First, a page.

“I think it’s going to be a big improvement,” said Gatt. “A lot of the freshmen last year got a lot of experience, a lot of games under their belt, so that was good.”
The key focus for this year will be defense and the penalty kill, both of which ranked near the bottom of the Big Ten last season. For Cole and his staff, improving the defensive play first makes sense. It can be a first-year coach’s most consistent asset, and it doesn’t require tons of skill.
“I think defense doesn’t go into a slump, I don’t think you need a lot of talent to play defense. I think you need a lot of attitude and a little cohesiveness,” Cole said.
Strong play in net would help tremendously in regards to that cohesion. Unfortunately, Michigan State has been without a standout goaltender since Jake Hildebrand graduated in 2016. Last year saw flashes of promise between the pipes but little consistency. This season features two goaltenders, senior Ed Minney and sophomore John Lethemon, who will be in an open competition for the starting job.
“We set it up in a meeting and talked about it early on and said, ‘Hey, it’s gotta be a good, healthy competition,’” Cole said. “Hopefully they both have really good years this year, hopefully they push each other.”
Cole and his staff have a combined 42 years of hockey coaching experience, so they are more than qualified for the task that lies ahead.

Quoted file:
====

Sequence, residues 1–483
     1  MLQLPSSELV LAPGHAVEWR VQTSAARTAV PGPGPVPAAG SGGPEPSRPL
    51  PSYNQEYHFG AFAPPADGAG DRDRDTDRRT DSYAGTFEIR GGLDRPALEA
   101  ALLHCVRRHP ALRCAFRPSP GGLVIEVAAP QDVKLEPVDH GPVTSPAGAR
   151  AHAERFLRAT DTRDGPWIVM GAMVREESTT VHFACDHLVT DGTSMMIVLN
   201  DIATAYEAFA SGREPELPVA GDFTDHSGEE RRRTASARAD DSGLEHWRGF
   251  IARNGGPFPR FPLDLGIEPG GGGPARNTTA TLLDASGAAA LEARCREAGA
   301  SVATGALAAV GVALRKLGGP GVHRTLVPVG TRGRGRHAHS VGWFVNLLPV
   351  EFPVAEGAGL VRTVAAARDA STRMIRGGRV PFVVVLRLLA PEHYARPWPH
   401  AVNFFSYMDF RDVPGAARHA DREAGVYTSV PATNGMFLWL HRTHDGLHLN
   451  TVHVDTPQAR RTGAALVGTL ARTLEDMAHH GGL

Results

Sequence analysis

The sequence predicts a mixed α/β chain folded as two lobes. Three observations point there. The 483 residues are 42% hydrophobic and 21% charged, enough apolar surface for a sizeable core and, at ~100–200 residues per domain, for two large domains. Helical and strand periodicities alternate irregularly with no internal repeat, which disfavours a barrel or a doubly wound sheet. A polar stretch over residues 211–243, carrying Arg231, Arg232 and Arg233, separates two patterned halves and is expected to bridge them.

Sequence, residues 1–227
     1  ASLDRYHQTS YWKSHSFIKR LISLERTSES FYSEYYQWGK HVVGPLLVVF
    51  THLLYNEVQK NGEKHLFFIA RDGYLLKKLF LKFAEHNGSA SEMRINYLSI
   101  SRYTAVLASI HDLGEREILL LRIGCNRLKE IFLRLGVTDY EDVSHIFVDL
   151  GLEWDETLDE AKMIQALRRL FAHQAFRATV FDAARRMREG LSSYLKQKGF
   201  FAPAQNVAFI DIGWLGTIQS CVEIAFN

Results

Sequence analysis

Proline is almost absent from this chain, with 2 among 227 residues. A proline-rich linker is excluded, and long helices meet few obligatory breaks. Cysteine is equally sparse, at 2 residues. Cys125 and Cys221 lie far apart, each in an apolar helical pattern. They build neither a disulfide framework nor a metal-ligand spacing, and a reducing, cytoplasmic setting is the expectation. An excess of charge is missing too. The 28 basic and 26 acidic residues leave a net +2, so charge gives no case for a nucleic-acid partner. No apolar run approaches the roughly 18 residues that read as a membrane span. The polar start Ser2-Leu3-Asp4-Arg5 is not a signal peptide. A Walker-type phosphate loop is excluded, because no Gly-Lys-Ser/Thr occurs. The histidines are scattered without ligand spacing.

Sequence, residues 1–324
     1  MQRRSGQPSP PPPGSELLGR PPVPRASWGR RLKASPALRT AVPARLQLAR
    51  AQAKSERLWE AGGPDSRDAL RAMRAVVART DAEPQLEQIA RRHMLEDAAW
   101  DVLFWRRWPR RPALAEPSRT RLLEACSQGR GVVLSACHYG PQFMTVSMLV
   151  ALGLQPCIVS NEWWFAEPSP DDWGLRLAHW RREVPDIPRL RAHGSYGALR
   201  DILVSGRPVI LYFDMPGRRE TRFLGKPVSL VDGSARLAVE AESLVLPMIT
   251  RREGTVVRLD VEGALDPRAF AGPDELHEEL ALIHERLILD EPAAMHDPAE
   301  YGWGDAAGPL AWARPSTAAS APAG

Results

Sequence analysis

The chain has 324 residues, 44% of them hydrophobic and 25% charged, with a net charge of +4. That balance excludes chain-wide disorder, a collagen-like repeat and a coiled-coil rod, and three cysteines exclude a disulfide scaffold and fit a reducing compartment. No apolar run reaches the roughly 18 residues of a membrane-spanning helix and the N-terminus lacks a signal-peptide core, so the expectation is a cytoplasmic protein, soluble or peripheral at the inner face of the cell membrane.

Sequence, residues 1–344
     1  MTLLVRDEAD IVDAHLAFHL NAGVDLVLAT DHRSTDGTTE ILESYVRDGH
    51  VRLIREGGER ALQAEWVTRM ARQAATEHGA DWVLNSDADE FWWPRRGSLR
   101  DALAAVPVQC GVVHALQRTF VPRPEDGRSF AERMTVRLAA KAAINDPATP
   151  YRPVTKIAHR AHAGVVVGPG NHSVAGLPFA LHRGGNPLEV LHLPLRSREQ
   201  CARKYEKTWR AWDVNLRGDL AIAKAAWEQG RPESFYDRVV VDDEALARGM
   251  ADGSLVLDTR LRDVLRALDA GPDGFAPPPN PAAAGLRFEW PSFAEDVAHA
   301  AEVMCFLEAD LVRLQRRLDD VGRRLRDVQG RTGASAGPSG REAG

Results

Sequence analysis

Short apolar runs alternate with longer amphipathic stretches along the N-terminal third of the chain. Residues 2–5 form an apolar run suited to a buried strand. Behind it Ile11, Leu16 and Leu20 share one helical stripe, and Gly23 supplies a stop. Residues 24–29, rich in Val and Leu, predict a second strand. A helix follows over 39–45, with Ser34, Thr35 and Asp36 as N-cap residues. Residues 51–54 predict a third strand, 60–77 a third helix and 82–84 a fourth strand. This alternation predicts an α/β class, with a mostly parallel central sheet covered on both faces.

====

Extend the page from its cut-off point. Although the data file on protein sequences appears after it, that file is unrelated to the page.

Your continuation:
The one thing that Cole wants to see from this competition is a friendly camaraderie between the two netminders. Assistant coach Joe Exter should be key in this regard, having previous experience in managing dual goaltender situations at Ohio State. The fact that Exter was himself a goaltender at Merrimack College should also help.
“They [the coaching staff]have been very supportive, kinda telling me things I need to do, where they want me to be at, where they see me,” said Lethemon. “With the addition of Joe Exter, it’s good for the goalies having a guy there every day to talk to and give us feedback.”
The excitement with the new coaching staff is evident with every player on the team. Everyone is excited, that is to be expected. But what may be a bit surprising is how unified this team really is.
“I think what surprised us a little bit was how together they are as a team,” Cole said.
This team unity, all without a man wearing the “C,” is quite impressive, but not too surprising when one thinks about it. This group has seen some tough times over the last few years and is motivated to get better and become a respectable program again.
“We want to get back to winning games and compete for championships, and I think it’s just motivation within ourselves as a group to get better every day and improve,” Saliba said.
With this team motivated to improve every day, it should be a very coachable group. Cole and his staff have a combined 42 years of hockey coaching experience, so they are more than qualified for the task that lies ahead.
The goal now should be to return Michigan State to playing competent hockey. As Cole alluded to in his press conference, “competence leads to confidence.” The Spartans were missing both last year, but seemed primed to bring those aspects back into their game this season.
“This is a pretty good group of young men, and they’re gonna work hard, and they are going to get better,” Cole said. “I think we as a team are just going to keep getting better and better this year and leading into next year.”
Cole also advised fans to “get your tickets now while you still can,” alluding back to a time when hockey tickets at Michigan State were worth their weight in gold. That advice elicited a few chuckles from the press corps and likely a few more from those reading this page.
But in a few years, who knows? Maybe Danton Cole will have the last laugh.